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Date: Mon, 6 Jul 2015 22:47:44 +0200
From: Dmitry Khovratovich <khovratovich@...il.com>
To: "discussions@...sword-hashing.net" <discussions@...sword-hashing.net>
Subject: Re: [PHC] Memory-hard proof of work with fast verification (CPU Hash)

The idea of using ROM for PoW with fast verification has been around since
2003 http://research.microsoft.com/apps/pubs/?id=65154 (Section 5.1 for a
simple algorithm). The major problems are 1) this approach needs a long
initialization phase, and 2) the verifier must have as much memory at least
for the beginning.

We have recently proposed a new method for a memory-hard PoW with fast and
memoryless verification, where there is no initialization phase and the
verifier can be weak. It is in the Argon2 paper
http://eprint.iacr.org/2015/430.pdf , Section 8. The technique can be used
with any memory-hard PHC finalist, in fact.

Best regards,
Dmitry Khovratovich

On Sat, Jul 4, 2015 at 12:56 PM, Bill Cox <waywardgeek@...il.com> wrote:

> It turns out that Momentum has some devastating parallel attacks, and
> should not be used.  IIRC, Cuckoo is also broken.  So, here's the outline
> for a new algorithm I hope can help fix this situation.  As usual, I'll put
> code on github.  I'm calling it CPU Hash for now.
>
> The algorithm is motivated from EARWORM, using the fix I proposed to
> defeat distributed ROM attacks (increasing the state size).  It uses a
> large random ROM (maybe 512MiB), and a fairly small RAM (20KiB).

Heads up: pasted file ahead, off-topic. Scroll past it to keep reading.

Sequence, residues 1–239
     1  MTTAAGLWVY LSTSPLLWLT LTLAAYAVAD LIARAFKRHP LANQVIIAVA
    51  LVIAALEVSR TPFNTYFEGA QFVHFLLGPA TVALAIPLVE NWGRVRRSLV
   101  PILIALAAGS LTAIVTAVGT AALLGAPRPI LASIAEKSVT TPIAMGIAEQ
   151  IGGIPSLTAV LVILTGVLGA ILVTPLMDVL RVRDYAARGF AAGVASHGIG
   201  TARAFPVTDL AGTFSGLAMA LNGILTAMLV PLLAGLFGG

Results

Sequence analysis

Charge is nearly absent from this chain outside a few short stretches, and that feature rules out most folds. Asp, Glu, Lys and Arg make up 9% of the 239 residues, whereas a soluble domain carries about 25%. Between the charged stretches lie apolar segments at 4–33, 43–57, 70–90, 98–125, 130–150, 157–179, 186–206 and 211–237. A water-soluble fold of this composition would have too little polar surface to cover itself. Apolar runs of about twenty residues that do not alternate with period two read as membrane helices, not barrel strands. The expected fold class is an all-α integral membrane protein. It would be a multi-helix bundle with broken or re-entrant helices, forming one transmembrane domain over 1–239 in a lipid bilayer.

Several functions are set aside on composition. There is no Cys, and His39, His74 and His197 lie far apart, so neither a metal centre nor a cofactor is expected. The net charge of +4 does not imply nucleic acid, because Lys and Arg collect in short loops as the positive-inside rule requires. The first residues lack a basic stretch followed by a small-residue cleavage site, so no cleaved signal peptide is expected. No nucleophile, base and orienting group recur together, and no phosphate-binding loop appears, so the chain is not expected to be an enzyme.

>
> A large ROM is initialized with blocks of 4KiB each (this overcomes DRAM
> latency issues caused by cache misses).  A fast block hash function
> hashBlocks(digest, nounce, block1, block2) creates a new block from the
> previous two.  I used a multiplication-chain compute-time hardened hash
> function motivated from TwoCats/Yescrypt, followed by a cryptographic hash.
>
> The initial block is copied from the first block, ROM[0], and the digest
> of the crypto-coin block and nounce (guess for solution to crypto-coin
> block) are copied to the start of the memory block.  Block b[1] is then
> hashed in with hashBlocks.  If the resulting block final HLEN bytes hashes
> (with a cryptographic hash) to less than the difficulty setting, then
> success, a solution is found.  The proof of work is simply the new
> crpto-coin block and nounce that solves it.  Verification simply repeats
> the hash of 20KiB, which runs in constant time.  Since only 20KiB are
> hashed, and 8KiB is usually already cached (ROM[0] and ROM[1]), this should
> be much faster than LiteCoin in blockchain verification,  Also, my block
> hash is wicked fast :)
>
> The main advantage is that the ROM will large enough to require external
> DRAM, while verification speed is faster than in LiteCoin.  I think this is
> the combination needed to discourage ASIC based mining, and keep mining on
> CPUs.
>
> Defeating GPU attacks is with the large ROM.  Scrypt achieves parity
> somewhere around 4MiB.  This would be much larger, maybe 512MiB.
>
> Highly parallel distributed ROM attacks using custom ASICs would be
> defeated by hashing random blocks three times, which would require that two
> of the blocks be transmitted from one node to another other over a
> network.  The network routing for 2 blocks should be slower than a CPU
> reading 3 blocks from DRAM.  Hashing more than one block is required,
> because with just one block the index could simply be transmitted to the
> node owning the ROM block, and computation could be done entirely by the
> destination node.
>
> The code is coming along, though the idea is only a few of hours old.
> Maybe I'm too sleepy to think straight, but it seems to me that this is a
> nice upgrade to the various crypto-coin PoW that are trying to make use of
> memory-hard password hashing algorithms.  I'm too sleepy to see the flaws
> at the moment.  Do you guys see any in this outline?
>
> Thanks,
> Bill
>



-- 
Best regards,
Dmitry Khovratovich

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